Pipes for Keystone XL pipeline
Miles of pipe, prepared for the proposed Keystone XL pipeline, in a lot on October 14, 2014 outside Gascoyne, North Dakota. Andrew Burton/Getty Images

The controversial Keystone pipeline spilled more than 200,000 gallons of oil in South Dakota last month, prompting new pressure to slow pipeline development in the United States. Only weeks later, Republican lawmakers slipped a provision into a massive tax bill that could instead give the pipeline operator, TransCanada, a huge new tax cut.

The company is one of a handful of energy giants that set up master limited partnerships (MLPs) -- financial vehicles often used to shield energy investments from taxes. The investors in those vehicles — who are often the parent company or its subsidiaries — could receive a huge boost thanks to an eleventh-hour amendment added to the GOP tax bill by Texas Sen. John Cornyn. MLPs themselves are already exempted from corporate taxes, but Cornyn’s last-minute provision would cut income taxes on the money earned by the MLP partners.

The tax changes stand to enrich fossil fuel behemoths and their partners — many of whom recently delivered big campaign donations to Donald Trump and to groups backing Republican Party lawmakers.

“These MLP financial vehicles already operate at a tremendous tax advantage over other publicly-traded businesses, because they are the only public companies that are allowed to escape paying corporate income tax,” Edward Kleinbard wrote in The Hill Monday. Kleinbard is a University of Southern California law professor who served as the chief of staff for Congress’s Joint Committee on Taxation. “But that existing subsidy was insufficient for Sen. Cornyn, and now existing investors in such vehicles have been awarded a further windfall by becoming eligible for the new discounted pass-through tax rates sold as tax relief for Main Street business.”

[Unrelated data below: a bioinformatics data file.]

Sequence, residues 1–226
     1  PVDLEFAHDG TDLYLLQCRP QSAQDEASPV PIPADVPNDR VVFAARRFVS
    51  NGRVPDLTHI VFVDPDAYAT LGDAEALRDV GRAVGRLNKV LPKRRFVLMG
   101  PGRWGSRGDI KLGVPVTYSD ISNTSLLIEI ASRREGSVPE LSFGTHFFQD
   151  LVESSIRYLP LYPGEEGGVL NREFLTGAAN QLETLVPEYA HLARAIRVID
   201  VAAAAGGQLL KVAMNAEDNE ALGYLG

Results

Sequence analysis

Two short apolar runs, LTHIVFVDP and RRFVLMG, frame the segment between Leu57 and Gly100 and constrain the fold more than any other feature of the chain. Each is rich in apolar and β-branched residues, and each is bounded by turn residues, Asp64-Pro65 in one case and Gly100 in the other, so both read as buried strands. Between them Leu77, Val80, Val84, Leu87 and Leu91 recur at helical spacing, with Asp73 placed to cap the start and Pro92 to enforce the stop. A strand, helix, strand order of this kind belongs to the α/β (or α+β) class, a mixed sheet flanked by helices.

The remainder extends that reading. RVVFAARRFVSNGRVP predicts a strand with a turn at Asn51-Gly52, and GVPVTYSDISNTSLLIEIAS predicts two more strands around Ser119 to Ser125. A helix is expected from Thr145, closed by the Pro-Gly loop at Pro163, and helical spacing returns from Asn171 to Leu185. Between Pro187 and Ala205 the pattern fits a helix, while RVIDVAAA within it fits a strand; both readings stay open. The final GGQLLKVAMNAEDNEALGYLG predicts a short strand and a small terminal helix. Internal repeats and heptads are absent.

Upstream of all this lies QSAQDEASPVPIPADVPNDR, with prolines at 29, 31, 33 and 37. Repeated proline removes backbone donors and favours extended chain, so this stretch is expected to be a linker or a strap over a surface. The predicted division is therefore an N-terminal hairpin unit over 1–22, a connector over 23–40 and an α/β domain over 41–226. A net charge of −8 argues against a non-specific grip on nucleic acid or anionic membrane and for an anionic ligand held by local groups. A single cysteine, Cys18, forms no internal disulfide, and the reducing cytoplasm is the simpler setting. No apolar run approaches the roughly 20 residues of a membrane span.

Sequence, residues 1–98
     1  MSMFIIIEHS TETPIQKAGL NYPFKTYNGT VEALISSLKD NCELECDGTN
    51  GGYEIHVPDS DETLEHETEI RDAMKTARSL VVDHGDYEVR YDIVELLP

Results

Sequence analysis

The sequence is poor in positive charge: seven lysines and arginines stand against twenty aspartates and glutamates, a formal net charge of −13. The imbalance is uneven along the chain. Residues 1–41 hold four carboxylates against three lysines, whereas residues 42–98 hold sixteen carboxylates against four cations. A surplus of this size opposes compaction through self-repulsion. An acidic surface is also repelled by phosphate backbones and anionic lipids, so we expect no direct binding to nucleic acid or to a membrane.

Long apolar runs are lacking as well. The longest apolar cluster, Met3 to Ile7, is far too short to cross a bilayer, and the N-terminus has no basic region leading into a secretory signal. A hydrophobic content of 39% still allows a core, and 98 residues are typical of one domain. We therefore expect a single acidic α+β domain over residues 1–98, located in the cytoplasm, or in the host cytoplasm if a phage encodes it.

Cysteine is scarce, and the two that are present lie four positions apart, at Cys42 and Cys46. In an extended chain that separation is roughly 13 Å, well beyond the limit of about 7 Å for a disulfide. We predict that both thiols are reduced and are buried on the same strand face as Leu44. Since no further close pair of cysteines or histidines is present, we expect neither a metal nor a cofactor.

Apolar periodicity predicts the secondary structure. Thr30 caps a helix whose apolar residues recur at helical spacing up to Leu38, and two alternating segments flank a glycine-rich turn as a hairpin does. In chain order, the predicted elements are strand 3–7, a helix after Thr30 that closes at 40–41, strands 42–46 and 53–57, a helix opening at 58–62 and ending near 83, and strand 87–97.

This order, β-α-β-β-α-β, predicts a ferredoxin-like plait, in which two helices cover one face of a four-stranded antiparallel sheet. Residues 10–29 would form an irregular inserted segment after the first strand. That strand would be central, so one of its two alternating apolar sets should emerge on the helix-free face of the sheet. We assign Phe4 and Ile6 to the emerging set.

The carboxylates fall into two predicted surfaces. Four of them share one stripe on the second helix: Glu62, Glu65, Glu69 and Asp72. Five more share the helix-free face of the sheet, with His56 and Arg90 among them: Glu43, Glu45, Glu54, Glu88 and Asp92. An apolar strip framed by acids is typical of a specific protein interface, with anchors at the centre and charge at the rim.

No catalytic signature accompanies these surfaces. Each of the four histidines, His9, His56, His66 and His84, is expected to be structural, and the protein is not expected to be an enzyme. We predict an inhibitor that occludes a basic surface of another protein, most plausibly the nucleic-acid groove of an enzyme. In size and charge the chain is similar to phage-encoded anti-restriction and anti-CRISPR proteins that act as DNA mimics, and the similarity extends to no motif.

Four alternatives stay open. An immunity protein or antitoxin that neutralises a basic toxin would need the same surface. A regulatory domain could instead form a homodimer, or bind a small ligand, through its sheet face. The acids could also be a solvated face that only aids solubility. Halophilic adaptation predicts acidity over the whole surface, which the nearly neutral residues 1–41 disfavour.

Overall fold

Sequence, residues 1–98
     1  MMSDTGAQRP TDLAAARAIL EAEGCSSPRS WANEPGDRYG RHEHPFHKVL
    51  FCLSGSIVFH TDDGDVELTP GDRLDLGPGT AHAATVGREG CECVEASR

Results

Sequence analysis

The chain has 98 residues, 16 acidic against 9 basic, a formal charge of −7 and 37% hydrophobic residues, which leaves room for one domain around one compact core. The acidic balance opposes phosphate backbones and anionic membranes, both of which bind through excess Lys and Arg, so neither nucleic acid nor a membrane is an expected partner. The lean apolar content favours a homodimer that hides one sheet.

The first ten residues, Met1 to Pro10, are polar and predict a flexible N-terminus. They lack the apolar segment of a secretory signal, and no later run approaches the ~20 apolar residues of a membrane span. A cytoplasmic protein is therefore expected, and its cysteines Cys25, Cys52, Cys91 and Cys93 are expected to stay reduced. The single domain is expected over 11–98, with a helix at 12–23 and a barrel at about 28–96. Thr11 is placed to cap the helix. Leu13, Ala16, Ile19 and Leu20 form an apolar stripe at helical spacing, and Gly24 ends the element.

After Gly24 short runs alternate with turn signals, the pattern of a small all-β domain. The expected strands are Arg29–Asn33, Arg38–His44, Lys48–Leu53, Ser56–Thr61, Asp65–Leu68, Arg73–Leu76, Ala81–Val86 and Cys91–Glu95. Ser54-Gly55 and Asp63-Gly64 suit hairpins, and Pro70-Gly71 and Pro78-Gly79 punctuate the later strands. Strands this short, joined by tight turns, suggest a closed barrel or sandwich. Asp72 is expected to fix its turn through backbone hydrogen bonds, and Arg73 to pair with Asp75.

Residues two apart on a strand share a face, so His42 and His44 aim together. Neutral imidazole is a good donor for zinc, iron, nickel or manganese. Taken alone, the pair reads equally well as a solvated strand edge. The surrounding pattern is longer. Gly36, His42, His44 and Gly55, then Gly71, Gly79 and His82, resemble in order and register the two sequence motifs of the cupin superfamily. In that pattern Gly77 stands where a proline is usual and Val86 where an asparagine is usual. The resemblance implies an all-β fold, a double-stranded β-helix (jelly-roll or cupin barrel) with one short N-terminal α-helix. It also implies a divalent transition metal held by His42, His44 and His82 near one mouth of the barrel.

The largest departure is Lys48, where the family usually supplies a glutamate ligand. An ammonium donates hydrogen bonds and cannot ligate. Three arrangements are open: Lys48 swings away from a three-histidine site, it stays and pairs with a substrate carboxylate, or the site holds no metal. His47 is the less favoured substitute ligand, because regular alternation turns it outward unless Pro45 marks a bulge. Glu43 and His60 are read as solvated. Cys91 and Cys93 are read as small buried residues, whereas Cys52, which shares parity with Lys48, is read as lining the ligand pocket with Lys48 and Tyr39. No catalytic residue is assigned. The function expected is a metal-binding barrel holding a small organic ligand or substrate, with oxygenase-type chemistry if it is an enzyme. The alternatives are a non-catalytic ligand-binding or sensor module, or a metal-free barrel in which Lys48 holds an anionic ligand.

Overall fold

Invented in the early 1980s, MLPs used tradable partnerships to shield businesses from corporate taxes, while simultaneously providing access to capital markets. Income passes through the MLP to partners, who then pay personal income taxes on the money they made. Worried about lost corporate tax revenue, Congress limited the MLP structure to certain industries as part of tax reform in 1986, including real estate, finance and energy. Today, oil and gas pipelines are commonly associated with MLPs.

“Most people think of MLPs as energy pipeline companies with an advantageous tax structure, which is an extreme simplification, but not untrue,” Alerian, an MLP research firm, explains on its website.

The energy industry, and specifically oil and gas interests, have benefited most from the structure. According to recent estimates by investment management giant Vanguard, the energy industry accounts for more than $400 billion in MLPs -- roughly 85 percent of MLPs’ total value. Eighty percent of that $400 billion is represented by “midstream” oil and gas interests — typically pipeline transport companies.

Over the last year, amid rising concern about climate change, the political battle over pipelines has intensified across the United States. Following the Keystone spill in South Dakota in November, the pipeline’s operator TransCanada won a key regulatory ruling in Nebraska — but now confronts the prospect of litigation. Likewise, Energy Transfer Partners’ Dakota Access Pipeline is now dealing with a court-ordered environmental review, pipeline projects in Florida, New Jersey, Virginia and Michigan also face mounting protests, and local resistance forced the cancellation of a planned pipeline through New England.

Despite that opposition, Congressional Republicans pushed various initiatives to boost the pipeline industry in recent years. In 2015, for instance, top Republicans tried to pass a bill to speed pipeline approvals — as they accepted campaign cash from one firm that stood to benefit from the legislation. A few months ago, House lawmakers once again passed legislation to expedite pipeline approvals.